[Grml] Using grml to build a stacked Debian Live system

T o n g mlist4suntong at yahoo.com
Thu Jul 29 06:21:19 CEST 2010


These are what grml users had been asking/longing for:

  On Sun, 08 Mar 2009 15:32:01 +0100, Lars-Erik Helander wrote:

  > Regarding the persistence solution, I think I would rather like to have
  > a solution where the installed packages are not forced to be loaded into
  > main memory - as I understand that the live-snapshot would do, or ...?
  > Do grml have some toolchain that will allow me to either add stuff to an
  > existing squashfs or have the system "union mount" additional squashfs
  > files?

  * Michael Schierl <schierlm-public <at> gmx.de> [20061105 19:15]:

  > . . .  I want to carry around as few disks
  > as possible. So I thought if it is possible to splitting the squashfs
  > image into two images that are merged by unionfs, where the smaller
  > one contains a basic system that includes all stuff from grml-small
  > (which may be larger than 50MB, but as small as possible) and have a
  > cheatcode to load only the small part into ram (and not use the large
  > part at all). I do not know if this is feasible . . . 

but the answer isn't available up until now -- now, you can build
a stacked Debian Live system with the help of aufs + grml

But why "stacked" you may ask first. 

If grml is build on top of grml-medium, which is build on top of
grml-small, then putting all 3 flavor on the same USB would not
cost you more than one CD space, whereas currently it almost need

Another great advantage is that, I never need to remaster my live
system any more just for my own customization -- putting my extra
stuff in is just as simple as putting in several modules. My
live-usb always contains the latest tools/docs of my own, without
going through the live system remastering process. I had about 7
layered modules that I build for slax and I just put them on top
of grml. It works perfectly.

Further, with stacked live system, you can, for the first time,
load grml-small into ram (or grml-medium depending on your ram
size), and leave the rest on USB/CD.

Most importantly, it'll be much faster. Suppose your stacked live
system is layered like the following:

1. All console tools
2. Xorg + lightweight window manager + essential X tools like gparted
3. Heavy weight desktop system (Gnome/Kde) 
4. Occasionally used applications (KOffice/Latex)

If you limit your self to only certain tasks (say console-only
hacks), then you only need a limited number of modules to be
loaded; all other modules are not loaded on start up. hence it
will start faster, use less ram, and cause applications to run
faster.  Moreover your CD drive will only seek in a small area
(instead of all across the whole CD). You don't even need to load
it to ram if the loaded modules can be completed cached by the
kernel. This significantly improves the speed. On the other hand,
you can enjoy the full fledged desktop applications if you want
to, from the very same CD.

OK, enough "selling". Let's see how it can be achieved using aufs
+ grml tools. I'll use the scenario that grml-full is build on top
of grml-medium, which is build on top of grml-small as the

1. Use aufs to create the stacked framework. The first command
creates necessary directories, and the 2nd creates a stacked aufs
file system, of which /grml/grml-layers/grml-work is the RW
working branch. In this aufs file system, if a file is not
available in grml-full, aufs looks in grml-medium, else in

  mkdir -p /grml/grml-live/grml_chroot/ /grml/grml-layers/{grml-full,grml-medium,grml-small,grml-work}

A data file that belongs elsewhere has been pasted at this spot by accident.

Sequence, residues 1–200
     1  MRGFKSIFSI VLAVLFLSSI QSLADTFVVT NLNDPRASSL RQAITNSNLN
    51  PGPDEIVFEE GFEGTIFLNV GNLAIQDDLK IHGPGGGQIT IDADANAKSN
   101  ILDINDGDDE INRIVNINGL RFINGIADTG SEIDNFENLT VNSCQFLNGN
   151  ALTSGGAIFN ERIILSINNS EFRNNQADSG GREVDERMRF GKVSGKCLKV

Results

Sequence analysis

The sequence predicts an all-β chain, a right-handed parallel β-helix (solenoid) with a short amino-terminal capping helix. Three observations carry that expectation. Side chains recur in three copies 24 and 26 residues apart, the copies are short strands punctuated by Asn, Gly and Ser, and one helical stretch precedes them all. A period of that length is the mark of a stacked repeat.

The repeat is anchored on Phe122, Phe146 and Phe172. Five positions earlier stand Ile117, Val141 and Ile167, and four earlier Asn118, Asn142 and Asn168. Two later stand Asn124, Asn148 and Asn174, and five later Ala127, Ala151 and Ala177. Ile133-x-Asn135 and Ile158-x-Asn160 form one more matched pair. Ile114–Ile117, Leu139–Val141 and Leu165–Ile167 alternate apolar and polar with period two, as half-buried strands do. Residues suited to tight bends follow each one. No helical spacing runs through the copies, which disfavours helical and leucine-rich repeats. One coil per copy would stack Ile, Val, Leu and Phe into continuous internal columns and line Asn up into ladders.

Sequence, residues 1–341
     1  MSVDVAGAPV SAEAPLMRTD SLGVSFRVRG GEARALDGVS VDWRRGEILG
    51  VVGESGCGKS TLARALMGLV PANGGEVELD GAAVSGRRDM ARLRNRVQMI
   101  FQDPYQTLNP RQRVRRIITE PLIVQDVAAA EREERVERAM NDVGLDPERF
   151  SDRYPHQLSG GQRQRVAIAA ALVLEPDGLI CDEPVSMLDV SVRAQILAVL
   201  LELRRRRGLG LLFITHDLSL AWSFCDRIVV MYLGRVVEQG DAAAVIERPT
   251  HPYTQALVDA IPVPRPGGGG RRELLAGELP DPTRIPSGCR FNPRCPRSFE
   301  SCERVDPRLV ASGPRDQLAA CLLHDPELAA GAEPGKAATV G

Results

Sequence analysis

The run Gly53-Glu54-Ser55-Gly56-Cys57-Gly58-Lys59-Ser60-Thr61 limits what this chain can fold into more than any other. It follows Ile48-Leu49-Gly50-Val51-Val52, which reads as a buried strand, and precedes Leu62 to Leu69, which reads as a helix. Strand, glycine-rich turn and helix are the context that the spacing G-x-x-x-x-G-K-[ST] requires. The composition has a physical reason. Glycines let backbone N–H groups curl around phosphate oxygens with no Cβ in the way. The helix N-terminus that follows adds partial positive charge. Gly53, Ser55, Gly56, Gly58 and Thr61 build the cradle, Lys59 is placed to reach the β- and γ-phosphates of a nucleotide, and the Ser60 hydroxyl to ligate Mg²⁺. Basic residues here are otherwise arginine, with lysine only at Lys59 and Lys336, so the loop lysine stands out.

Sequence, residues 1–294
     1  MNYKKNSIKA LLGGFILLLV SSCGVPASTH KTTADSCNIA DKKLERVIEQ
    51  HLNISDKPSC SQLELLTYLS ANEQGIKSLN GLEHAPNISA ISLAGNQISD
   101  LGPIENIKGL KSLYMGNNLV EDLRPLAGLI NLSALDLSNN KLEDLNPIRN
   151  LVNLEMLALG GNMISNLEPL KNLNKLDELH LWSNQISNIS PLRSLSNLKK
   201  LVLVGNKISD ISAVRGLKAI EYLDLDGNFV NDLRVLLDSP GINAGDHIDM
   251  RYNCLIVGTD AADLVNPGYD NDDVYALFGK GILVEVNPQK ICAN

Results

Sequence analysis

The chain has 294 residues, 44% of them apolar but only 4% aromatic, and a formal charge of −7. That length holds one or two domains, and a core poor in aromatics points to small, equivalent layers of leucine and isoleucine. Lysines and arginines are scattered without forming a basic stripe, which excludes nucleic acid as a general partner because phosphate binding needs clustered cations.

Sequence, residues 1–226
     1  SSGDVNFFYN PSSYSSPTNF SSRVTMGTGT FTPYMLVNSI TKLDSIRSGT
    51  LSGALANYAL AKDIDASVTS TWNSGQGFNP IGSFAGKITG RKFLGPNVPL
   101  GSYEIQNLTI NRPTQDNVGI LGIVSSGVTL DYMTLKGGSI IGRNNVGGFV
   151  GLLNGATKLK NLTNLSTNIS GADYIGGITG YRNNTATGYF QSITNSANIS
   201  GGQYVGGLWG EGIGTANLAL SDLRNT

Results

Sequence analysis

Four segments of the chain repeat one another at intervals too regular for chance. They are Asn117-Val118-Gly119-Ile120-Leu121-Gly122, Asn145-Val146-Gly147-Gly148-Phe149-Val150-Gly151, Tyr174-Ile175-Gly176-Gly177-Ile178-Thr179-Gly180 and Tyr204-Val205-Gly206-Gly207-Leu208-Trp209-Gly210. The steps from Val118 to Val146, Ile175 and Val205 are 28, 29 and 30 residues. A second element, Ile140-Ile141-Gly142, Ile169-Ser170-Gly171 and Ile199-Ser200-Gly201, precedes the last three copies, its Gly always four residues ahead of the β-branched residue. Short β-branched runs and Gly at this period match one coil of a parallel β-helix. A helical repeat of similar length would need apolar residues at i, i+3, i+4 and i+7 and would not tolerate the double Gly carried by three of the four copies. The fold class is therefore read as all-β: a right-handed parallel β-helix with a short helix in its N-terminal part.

mount -t aufs -o br=/grml/grml-layers/grml-work=rw:/grml/grml-layers/grml-full:/grml/grml-layers/grml-medium:/grml/grml-layers/grml-small none /grml/grml-live/grml_chroot/

2. Use grml-live to build the first layer. 

  grml-live -a $ARCH -c $CLASSES . . .

3. Now the first layer, grml-small, is available under
  /grml/grml-live/grml_chroot/, which is the mount point of the
  aufs file system. We need to move the content from RW layer to
  the lower /grml/grml-layers/grml-small layer. Note that the final
  umount and mount is recommended after the move, because the
  inode number may be changed.

  aubrsync move /grml/grml-live/grml_chroot /grml/grml-layers/grml-work /grml/grml-layers/grml-small
  umount /grml/grml-live/grml_chroot/

4. Install the next layer. This time grml-debootstrap is used instead, to
install all grml-medium packages on top of the current chroot system.

  grml-debootstrap --verbose --arch amd64 --target /grml/grml-live/grml_chroot/ . . . 

5. Now grml-medium is available under /grml/grml-live/grml_chroot/. Again,
we need to move and reflect all modifications from upper to lower
layer. This time is to grml-medium:

  aubrsync move /grml/grml-live/grml_chroot /grml/grml-layers/grml-work /grml/grml-layers/grml-medium
  umount /grml/grml-live/grml_chroot/

6. Repeat step 4 and 5 to finish grml-full.

7. Create squashfs filesystem

  ln -s grml.squashfs /grml/grml-live/grml_cd/live/grml_small.squashfs
  mksquashfs-lzma /grml/grml-layers/grml-medium /grml/grml-live/grml_cd/live/grml_medium.squashfs -b 256k -lzma
  mksquashfs-lzma /grml/grml-layers/grml-full /grml/grml-live/grml_cd/live/grml_full.squashfs -b 256k -lzma

8. Create stacked squashfs filesystem. I'm using grml-full as an
example. Under /grml_cd/live/, create a file, say
grml-full.module, in which contains:


8. Make it bootable. I'm using grub as an example. In the kernel
line, use the following. Note the grml-full is the file you just
named without the .module extension.

  kernel ... live-media-path=/live module=grml-full

9. Put them on USB and test it. That's it.

Note, the above is for illustration purpose only. Substitute with
your own CLASS or path please.

PS. mika, if you want, please send me the wiki access info to my 
bts email address, I can put the above into wiki. 


More information about the Grml mailing list